The Tibetan plateau is the highest and largest in the world. It is guarded to the south by the Himalayas, to the north by the Kunlun range (see below), and to the west by the Hindu Kush and Pamir ranges. It contains 46,000 glaciers, at an average height of 13,000 ft above sea level. It is the Earth’s largest ice mass outside the poles. We now know that climate warming is causing deglaciation at a rate of 7% a year. Aerial surveys over the last 30 years show that snow lines are rising, wetlands are shrinking, and desertification is increasing throughout Tibet. In 2006, one third of the climate observation stations in Tibet reported all-time high temperatures. The average temperature there is rising more than 7 times as fast as in China proper.

 

The winter accumulation of snow on high mountains is compressed to form ice caps and glaciers. In summer the glaciers melt slowly, constantly feeding the rivers below. They are reservoirs in the sky, present since long before humans practiced agriculture. Glaciers are a pre-condition of agriculture in much of the world. Food supply is critically dependent on them.  Asia’s greatest rivers—the Yangtse, Yellow, Indus, Ganges, Brahmaputra, Salween and Mekong—derive their summer flow from the melt water of Tibetan glaciers. As those glaciers retreat, the volume of water in rivers increase at first, causing widespread flooding. Then it goes into rapid decline.


For example, in India the Gangotri glacier provides 70% of the summer flow of the River Ganges. The Gangotri is shrinking twice as fast as it was 20 years ago. Unless China and India make a radical reality-check and reform their  dependence on fossil fuels, devastating water shortages for hundreds of millions of people could bring about their collapse as nation states.



Northern Tibet and the Kunlun mountains from Space, courtesy NASA

 

Avoiding meltdown, shrinking harvests & famine 

Lester Brown's Plan B 3.o (2008) discusses the consequences of  melting mountain glaciers in the Himalayas and Tibet-Qinghai Plateau. Many glaciers could melt entirely by 2035 unless business-as-usual and carbon gas emissions change. In the river basins of the Yellow, Yangtze, Ganges and Indus rivers, the loss of  dry-season flow would devastate irrigation and harvests.  How dangerous is the ongoing shrinkage of underground water, combined with the shrinkage of glaciers and river water?  'Permanent famine' is a  definite possibility.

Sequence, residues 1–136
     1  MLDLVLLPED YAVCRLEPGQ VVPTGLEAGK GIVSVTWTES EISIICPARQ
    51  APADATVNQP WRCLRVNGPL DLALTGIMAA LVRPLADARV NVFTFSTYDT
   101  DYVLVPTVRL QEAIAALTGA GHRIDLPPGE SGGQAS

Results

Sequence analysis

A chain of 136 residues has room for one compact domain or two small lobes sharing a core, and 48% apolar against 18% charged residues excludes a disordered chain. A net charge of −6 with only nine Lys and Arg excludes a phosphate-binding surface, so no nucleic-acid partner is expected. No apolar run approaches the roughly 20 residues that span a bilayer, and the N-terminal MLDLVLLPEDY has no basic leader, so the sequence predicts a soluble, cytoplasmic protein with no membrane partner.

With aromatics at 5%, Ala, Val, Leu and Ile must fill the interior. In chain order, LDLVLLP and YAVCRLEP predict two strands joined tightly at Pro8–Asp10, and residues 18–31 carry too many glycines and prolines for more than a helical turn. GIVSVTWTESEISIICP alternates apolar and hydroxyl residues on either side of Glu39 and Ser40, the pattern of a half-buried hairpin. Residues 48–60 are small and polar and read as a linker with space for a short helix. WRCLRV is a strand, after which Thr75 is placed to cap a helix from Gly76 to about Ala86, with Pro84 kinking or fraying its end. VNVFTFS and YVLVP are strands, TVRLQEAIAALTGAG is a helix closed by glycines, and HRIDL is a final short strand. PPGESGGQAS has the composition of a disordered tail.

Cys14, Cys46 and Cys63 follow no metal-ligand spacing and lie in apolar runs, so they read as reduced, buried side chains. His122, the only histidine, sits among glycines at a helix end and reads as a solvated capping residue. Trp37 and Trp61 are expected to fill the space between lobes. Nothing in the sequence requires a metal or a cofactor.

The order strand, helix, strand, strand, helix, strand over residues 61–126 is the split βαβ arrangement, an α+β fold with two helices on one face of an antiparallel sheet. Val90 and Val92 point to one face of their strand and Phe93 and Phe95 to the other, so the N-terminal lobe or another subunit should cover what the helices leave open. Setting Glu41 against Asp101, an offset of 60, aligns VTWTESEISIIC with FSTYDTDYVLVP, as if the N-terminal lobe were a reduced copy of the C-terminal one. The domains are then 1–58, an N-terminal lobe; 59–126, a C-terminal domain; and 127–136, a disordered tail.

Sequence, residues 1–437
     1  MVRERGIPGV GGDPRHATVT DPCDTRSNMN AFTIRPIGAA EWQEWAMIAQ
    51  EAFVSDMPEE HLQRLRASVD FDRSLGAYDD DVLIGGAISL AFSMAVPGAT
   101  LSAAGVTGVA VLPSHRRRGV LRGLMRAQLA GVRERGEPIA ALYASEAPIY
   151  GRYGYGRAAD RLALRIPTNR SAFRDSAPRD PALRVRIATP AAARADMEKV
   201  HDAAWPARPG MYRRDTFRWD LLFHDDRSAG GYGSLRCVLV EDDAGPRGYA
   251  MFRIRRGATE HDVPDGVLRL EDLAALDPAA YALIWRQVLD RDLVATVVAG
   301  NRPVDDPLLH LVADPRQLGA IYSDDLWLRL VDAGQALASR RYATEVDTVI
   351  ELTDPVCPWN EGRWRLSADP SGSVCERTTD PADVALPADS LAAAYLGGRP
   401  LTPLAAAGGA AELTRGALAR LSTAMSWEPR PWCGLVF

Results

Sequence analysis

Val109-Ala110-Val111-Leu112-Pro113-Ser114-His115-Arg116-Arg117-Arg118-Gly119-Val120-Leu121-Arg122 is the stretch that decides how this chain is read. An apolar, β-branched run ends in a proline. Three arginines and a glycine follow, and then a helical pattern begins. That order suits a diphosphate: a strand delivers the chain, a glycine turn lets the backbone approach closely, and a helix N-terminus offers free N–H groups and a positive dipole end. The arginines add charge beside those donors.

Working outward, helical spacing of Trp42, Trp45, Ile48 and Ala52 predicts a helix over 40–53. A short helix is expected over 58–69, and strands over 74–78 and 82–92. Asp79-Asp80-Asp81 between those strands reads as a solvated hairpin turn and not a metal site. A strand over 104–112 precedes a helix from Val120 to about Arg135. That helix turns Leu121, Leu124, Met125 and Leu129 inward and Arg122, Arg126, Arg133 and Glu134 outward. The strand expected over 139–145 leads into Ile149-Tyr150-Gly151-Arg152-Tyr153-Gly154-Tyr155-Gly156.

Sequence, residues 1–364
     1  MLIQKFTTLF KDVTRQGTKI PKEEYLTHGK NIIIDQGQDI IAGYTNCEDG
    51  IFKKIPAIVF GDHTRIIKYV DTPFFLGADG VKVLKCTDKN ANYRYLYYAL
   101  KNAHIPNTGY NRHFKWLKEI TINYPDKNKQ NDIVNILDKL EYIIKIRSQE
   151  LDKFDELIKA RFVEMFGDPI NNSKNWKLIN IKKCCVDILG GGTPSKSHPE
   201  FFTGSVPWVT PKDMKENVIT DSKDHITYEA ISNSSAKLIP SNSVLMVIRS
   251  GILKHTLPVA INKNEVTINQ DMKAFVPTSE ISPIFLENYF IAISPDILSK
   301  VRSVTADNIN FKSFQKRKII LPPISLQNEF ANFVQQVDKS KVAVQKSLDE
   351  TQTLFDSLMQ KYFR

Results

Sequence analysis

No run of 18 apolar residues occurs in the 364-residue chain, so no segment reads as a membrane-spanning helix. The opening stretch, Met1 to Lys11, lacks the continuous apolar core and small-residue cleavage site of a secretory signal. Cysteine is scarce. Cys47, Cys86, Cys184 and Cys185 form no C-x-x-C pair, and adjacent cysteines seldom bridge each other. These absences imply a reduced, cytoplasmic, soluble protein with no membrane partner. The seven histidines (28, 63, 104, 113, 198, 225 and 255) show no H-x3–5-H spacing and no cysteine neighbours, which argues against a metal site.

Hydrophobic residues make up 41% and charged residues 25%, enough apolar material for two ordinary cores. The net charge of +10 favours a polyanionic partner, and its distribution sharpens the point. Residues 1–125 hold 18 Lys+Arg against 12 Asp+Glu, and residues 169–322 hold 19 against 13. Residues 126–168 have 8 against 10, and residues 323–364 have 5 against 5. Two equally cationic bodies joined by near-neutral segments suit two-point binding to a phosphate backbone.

World food prices have recently climbed to record highs..In
China, social unrest could easily result from tightening food supplies. Food security is highly sensitive there because of the 1959–61 famine. The country is likely to try to hold down domestic food prices by using its massive dollar holdings to import grain from the
United States. In any event, the economists who project ‘ascendant world power'  status for China show no evidence of understanding anything about hydrology, agriculture, plant biology or global warming.

The essential  challenge is to design national energy policies to save the glaciers upon which China, India, Tibet, Vietnam, Bangladesh, Pakistan and Burma all depend. Right now Asia is pursuing an economic growth policy based on fossil fuels that can be described as 'mutual assured destruction'. China and India in particular need to cut carbon emissions by 80% as soon as possible. Asian civilization as we now know it cannot survive partial decarbonization by mid-century. Such dates are proposed by politicians for the convenience of  the fossil fuel  industry. They have no genuine bearing on the survival of the human species or the biosphere.

Ironically, the two countries that are building most of the new coal-fired power plants, China and India, are precisely the ones whose food security is most massively threatened by the carbon emitted from burning coal. It is now in their interest to try and save their mountain glaciers by shifting energy investment from coal-fired power plants into energy efficiency and into wind farms, solar thermal power plants, and geothermal power plants. China, for example, can double its current electrical generating capacity from wind alone. 
Lester Brown, 2008

 

Coal or Renewables in China: a Choice that will Decide the Fate of Asia